Man with herring
Last Thursday and Friday we were in Sancerre to taste a range of whites and reds from some of the Central Vineyard appellations. On the Thursday evening we were invited to a Franco-Dutch celebration at La Maison des Sancerres.
Sancerre is twinned with Markelo and there has long been a strong bond between the two towns. Some of the Dutch present at Thursday evening’s celebration made their first visit to Sancerre 50 years ago.
We were very lucky with the weather as it was the first really warm evening of the year and we were able to stand on the terrace of the Maison des Sancerre and look across the old quarter of Sancerre towards Amigny, Chavignol and Verdigny. A wonderful way to enjoy some glasses of Sancerre in the three colours and to eat food prepared by a Dutch chef who had come down specially for this evening. One of the highlights was to see people eating the raw herring.
Man with part of a herring...
This soirée was part of the first edition Nunspeet to Sancerre vintage car rally. The idea being that around 20 vintage cars would drive down from Nunspeet in northern Holland, just short of 90 kms east of Amsterdam. Fill up their cars with Sancerre and return to Nunspeet some 730 kms. A total trip of 1460 kms excluding excursions around the vineyards of Sancerre.
Naturally there were a number of Sancerre vignerons present including Denis Vacheron, Philippe Raimbault and Lynne Ball, Roger Reverdy-Cadet, Laurent Champault, Matilde Natter, Pascal Reverdy and Jean-Christophe Bourgeois.
It was noticeable that several of them stressed how cohesive the vignerons of Sancerre are and how well they work together. Jean-Christophe cited how close together the houses etc. are in Sancerre and villages like Chavignol etc. Being on top of each obliged them to cooperate.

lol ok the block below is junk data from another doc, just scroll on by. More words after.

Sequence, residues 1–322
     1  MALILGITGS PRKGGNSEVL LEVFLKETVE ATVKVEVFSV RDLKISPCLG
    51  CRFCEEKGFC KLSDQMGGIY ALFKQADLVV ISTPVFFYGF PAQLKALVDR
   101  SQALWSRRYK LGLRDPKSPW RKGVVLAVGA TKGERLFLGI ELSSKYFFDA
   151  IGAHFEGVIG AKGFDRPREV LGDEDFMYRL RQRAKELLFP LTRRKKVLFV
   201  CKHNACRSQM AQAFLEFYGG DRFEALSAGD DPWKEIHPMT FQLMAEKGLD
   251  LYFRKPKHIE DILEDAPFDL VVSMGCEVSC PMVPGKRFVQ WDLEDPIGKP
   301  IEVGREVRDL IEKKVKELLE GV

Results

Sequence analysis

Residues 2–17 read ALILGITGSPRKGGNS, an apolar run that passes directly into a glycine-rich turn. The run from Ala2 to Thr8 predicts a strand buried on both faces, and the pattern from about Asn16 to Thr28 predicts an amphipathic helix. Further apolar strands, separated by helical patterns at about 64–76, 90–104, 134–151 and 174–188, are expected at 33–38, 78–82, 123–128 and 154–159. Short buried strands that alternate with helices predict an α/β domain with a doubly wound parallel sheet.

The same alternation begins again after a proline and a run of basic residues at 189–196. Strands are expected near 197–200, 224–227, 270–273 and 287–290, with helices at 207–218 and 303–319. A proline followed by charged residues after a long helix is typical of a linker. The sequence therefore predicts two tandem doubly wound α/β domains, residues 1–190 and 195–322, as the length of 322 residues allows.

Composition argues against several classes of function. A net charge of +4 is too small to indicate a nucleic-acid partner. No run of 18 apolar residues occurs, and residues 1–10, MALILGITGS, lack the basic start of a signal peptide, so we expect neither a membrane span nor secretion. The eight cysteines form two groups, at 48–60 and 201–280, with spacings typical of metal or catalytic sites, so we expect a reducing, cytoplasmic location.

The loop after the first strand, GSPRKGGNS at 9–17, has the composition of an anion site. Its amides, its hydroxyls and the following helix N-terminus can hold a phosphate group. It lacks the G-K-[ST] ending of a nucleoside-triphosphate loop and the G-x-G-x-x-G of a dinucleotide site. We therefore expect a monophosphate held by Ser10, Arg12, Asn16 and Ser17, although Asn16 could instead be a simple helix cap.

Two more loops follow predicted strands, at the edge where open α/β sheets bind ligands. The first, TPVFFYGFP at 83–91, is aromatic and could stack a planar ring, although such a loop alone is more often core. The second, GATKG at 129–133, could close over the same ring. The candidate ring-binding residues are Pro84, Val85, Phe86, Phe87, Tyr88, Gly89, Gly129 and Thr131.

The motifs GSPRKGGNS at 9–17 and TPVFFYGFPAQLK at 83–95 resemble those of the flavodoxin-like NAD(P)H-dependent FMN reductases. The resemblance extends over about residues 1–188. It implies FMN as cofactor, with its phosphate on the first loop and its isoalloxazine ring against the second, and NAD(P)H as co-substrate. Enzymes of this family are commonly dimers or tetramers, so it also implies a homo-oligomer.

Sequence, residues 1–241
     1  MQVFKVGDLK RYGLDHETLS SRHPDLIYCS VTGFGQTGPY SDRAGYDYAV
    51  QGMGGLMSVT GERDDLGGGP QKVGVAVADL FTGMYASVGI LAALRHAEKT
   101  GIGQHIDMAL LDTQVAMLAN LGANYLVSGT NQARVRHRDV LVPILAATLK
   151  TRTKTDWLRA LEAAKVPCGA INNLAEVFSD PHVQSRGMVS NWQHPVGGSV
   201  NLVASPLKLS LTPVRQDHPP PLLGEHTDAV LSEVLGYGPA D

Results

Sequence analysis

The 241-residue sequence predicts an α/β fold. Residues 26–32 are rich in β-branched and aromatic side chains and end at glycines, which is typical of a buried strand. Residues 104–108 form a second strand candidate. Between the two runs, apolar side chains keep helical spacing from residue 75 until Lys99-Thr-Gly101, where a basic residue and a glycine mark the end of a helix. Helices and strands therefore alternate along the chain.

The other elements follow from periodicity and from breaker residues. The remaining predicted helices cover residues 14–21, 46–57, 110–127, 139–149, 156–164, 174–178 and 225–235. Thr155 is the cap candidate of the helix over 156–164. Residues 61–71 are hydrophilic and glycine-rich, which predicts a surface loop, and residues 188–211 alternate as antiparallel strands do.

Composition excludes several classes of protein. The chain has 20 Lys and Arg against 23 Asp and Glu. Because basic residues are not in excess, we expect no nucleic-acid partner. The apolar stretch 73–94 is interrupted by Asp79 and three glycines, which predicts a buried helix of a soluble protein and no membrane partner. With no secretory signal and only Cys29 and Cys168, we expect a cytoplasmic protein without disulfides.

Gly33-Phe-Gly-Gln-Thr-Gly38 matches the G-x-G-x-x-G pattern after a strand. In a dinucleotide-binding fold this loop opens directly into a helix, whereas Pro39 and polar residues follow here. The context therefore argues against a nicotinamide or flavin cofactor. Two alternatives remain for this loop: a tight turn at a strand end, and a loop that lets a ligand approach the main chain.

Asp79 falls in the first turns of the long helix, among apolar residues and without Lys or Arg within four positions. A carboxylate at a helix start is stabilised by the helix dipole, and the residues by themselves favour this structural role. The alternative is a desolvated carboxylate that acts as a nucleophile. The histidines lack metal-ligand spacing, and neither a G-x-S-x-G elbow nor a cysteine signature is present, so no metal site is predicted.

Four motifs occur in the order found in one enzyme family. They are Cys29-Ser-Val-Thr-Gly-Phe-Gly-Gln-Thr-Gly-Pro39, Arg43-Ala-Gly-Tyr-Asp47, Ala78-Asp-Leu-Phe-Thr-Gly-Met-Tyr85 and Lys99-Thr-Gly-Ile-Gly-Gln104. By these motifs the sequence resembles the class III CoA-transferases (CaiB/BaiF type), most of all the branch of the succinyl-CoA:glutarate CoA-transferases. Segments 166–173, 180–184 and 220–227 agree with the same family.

I have long noticed the difference between Sancerre and Pouilly-sur-Loire across the river. As well as the proximity factor I think this is also due to the way that the town of Sancerre is virtually encircled by vineyards and that many of villages look towards La butte de Sancerre. In contrast ‘AC Pouilly’ has no real centre – Pouilly-sur-Loire is largely a town of ghosts from its heyday when the Route Nationale 7 (Route Bleue) passed through the town.
Dutch accordion player
Sancerre has also been lucky with its leaders – Alphonse Mellot Snr (18th generation), Jean-Max Roger, Vincent Pinard, Denis Vacheron, Jean-Marie Bourgeois and others who have promoted both the appellation but also new and up and coming producers. Sadly ‘AC Pouilly’ doesn’t really have a similar leader or set of leaders. Patrick de Ladoucette is head of group of companies and I believe spends a lot of his time away from Pouilly. The late Didier Dagueneau could have been a leader for the appellation but was often happier berating his fellow vignerons.
I’m convinced that it is this cohesion of Sancerre that has made it a generally more consistent than neighbouring Pouilly.